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Postby agp » Tue Sep 11, 2012 3:57 pm

How much money you have in the bank does not determine what type of card you qualify for. Your credit score and sometimes your income will determine what card you qualify for. Can't go wrong with a Chase Freedom to start. Then as you learn more and realize you have more purchases to make in certain categories, you can pick more cards.

Main Card: Amex Platinum
For gas: Penfed Platinum Cash Rewards
For travel & dining: Chase Sapphire Preferred

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Postby hematino » Wed Sep 12, 2012 1:59 am

Are you interested in a rewards card, or something with lower rates?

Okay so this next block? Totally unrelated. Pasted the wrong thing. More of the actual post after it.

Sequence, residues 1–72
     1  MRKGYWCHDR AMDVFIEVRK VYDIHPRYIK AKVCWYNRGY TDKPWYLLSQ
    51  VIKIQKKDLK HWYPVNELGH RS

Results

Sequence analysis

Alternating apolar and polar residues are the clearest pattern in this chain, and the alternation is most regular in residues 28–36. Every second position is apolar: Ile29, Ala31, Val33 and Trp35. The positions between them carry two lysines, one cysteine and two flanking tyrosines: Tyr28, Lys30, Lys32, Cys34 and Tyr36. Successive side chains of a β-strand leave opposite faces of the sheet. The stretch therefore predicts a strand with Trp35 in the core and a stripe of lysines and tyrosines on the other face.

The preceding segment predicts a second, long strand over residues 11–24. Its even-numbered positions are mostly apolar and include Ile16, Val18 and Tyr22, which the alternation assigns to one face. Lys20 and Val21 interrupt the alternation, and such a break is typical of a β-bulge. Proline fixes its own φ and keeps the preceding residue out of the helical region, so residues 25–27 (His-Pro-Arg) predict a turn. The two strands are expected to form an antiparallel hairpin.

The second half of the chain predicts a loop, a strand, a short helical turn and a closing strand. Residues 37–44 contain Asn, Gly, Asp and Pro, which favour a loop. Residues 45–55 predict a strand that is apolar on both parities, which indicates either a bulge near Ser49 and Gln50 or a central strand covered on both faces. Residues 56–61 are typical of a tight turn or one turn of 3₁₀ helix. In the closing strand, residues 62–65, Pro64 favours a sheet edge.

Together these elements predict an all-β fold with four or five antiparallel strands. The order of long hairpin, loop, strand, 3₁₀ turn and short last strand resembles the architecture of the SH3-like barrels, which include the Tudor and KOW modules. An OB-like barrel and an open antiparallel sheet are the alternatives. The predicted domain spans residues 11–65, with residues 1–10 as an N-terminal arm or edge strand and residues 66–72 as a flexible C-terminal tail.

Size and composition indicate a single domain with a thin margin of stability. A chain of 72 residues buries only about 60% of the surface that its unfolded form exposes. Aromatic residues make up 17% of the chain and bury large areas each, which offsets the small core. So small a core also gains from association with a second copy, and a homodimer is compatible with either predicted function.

Chase Freedom is a card you can't go wrong with for racking up points, although the rotating categories turn some people off. American Express and Chase are great companies to have credit cards with, if you're into the rewards game-- they also may be difficult to be approved for though if you have never had a credit card. If you are interested in a hardcore rewards card from American Express, I'd try the Zync route first given your score and limited history. The Zync is known to be the easiest Amex product to get approved for-- it is a charge card (full balance due each month) which carries a very small annual fee and has a rewards program. Once you have had Zync for at least 6 months, THEN try for another Amex card to dramatically increase your chances. If credit cards have always intimidated you, Zync shouldn't be too tempting to overspend since the balance is due each cycle and isn't meant to be carried month to month.